A school had stood on the site in Gravel Lane since 1850 but its foundations had collapsed in autumn 1858 and had to be taken down.  Things had not been easy at the school on a scale we couldn’t imagine today.  As Revd. Brown wrote to his parishioners:  

 

“Great have been the difficulties, and such perhaps as you could hardly conceive; for instance – pelting the infant school mistress with mud – beating the ragged school master with a dead dog – throwing dogs into the school – breaking the windows – driving a donkey in – and on one Sunday, during the morning and evening service at Gravel Lane, I counted eighty different times in which a great noise was made for the purpose of disturbing our devotions.” (The Globe, 19 February 1859).

A 50 year lease was acquired and the foundation stone laid by Lord Shaftesbury in February 1859. The opening ceremony for the completed building was performed by the Lord Mayor of London six months later. The Morning Advertiser described the facilities in the completed building in their issue of 25 August 1859:

“On the ground floor, which is approached by a good flight of steps, and a pleasant porch with two entrance doors, are the rooms of the matron and superintendent with a large room to be used as a reading room for the neighbourhood.  On the basement are two living rooms in front and a large room at the back, which has been divided into a waiting room, baths, laundry for twenty washerwomen and drying closet.  On the first floor are two more living rooms which are intended, like the others, for persons who can pay a small sum per week; and in the rear is the school room, 36 feet by 34 feet which will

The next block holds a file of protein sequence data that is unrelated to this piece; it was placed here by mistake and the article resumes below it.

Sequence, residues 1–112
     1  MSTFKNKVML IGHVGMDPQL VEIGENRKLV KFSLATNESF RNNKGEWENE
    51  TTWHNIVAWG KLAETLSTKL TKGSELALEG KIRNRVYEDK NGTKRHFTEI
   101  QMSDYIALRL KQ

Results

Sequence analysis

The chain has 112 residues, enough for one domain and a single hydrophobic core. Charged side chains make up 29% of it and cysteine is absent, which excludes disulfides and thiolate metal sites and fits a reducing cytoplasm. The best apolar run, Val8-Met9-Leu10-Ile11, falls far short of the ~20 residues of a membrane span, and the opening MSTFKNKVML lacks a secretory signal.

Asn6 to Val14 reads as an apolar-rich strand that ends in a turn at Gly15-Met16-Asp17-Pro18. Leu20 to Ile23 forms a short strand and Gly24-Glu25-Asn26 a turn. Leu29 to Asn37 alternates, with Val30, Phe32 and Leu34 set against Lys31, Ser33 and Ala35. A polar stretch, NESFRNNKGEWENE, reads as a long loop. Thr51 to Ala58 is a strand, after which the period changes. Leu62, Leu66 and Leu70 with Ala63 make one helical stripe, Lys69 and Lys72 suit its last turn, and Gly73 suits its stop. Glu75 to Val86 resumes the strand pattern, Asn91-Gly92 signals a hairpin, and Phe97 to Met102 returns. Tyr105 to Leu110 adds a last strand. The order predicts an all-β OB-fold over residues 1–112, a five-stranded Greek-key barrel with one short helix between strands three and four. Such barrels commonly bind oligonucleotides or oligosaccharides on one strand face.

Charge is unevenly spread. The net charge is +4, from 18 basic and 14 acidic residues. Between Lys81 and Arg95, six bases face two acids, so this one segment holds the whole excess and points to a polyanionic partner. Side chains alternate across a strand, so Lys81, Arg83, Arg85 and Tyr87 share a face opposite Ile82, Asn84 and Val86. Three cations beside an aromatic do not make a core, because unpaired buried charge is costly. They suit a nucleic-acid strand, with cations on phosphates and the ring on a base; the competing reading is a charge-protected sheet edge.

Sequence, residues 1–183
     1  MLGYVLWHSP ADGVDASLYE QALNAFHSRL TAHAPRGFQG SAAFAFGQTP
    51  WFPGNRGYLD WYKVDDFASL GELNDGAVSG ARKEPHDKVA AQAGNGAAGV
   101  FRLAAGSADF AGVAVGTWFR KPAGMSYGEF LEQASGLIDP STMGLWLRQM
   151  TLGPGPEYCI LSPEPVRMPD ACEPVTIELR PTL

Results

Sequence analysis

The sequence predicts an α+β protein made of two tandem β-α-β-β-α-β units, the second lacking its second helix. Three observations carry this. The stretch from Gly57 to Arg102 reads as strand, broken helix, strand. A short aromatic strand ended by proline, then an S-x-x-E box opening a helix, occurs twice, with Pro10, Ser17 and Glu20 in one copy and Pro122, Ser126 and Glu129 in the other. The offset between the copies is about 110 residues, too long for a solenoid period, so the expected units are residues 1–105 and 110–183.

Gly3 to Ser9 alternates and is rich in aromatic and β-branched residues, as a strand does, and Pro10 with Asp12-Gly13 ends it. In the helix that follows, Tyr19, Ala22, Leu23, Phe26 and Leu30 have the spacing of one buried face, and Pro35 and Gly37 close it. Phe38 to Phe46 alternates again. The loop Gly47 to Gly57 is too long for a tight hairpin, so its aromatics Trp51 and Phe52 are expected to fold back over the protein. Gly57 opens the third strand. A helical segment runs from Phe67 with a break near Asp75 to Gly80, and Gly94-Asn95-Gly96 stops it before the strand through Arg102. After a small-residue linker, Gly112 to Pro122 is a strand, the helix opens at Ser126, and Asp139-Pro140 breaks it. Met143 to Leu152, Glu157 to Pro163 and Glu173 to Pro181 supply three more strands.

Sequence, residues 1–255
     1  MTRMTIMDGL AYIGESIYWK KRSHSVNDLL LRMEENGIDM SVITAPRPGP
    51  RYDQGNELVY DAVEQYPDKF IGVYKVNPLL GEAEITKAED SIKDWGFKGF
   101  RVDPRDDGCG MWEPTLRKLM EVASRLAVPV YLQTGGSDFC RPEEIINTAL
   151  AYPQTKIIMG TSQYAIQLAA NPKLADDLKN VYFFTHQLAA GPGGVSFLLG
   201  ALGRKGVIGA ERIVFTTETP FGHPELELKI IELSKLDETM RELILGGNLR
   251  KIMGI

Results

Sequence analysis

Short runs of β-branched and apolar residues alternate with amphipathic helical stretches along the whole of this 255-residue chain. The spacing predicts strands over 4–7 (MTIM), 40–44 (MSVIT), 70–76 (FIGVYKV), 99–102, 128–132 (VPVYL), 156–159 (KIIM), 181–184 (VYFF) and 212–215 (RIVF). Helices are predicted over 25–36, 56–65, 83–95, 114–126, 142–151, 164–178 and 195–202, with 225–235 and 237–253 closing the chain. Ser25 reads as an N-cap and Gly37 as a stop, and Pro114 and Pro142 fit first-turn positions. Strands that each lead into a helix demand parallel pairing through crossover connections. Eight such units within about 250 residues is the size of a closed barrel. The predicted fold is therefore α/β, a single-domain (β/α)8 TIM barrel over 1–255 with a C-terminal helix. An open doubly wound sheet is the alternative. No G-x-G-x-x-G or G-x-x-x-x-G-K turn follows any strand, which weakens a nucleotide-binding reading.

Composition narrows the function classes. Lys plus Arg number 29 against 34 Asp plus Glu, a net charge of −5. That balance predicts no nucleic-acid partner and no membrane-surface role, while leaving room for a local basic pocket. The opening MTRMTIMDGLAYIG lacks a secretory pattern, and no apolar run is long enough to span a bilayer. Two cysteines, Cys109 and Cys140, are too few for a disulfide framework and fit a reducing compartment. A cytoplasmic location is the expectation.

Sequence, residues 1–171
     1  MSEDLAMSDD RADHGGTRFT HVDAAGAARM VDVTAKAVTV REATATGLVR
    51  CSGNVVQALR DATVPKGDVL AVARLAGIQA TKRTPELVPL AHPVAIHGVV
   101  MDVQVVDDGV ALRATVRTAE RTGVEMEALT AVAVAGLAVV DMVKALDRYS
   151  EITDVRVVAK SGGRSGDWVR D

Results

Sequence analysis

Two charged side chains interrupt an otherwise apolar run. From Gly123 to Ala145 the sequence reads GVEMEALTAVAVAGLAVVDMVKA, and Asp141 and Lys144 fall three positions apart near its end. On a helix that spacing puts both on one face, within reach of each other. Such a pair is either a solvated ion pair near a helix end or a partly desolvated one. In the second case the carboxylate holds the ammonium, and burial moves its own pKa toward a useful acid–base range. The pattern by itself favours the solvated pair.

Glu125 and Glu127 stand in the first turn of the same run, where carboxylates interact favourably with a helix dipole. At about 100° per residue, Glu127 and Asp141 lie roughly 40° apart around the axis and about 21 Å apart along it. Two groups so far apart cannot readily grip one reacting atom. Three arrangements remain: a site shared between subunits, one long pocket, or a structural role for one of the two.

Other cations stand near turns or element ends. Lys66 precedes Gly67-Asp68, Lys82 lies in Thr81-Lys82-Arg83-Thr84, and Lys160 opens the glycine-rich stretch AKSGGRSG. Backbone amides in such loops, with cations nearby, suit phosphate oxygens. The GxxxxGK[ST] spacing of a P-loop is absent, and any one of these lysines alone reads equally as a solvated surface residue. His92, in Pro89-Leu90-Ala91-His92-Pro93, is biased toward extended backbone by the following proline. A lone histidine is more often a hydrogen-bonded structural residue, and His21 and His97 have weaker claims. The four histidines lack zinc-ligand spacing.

hold 200 children in exercise and 300 when seated; this will also be used for divine service.  Included in the height of the school room are two more living rooms at the front.  The top floor is entirely occupied by a dormitory, as a refuge for those young men, who from the present circumstances of the locality, are frequently unable to obtain a bed in a desirable society at 2s. per week.  This is fitted up with iron bedsteads and excellent bedding, separated from each other by partitions, made of white dimity curtains.”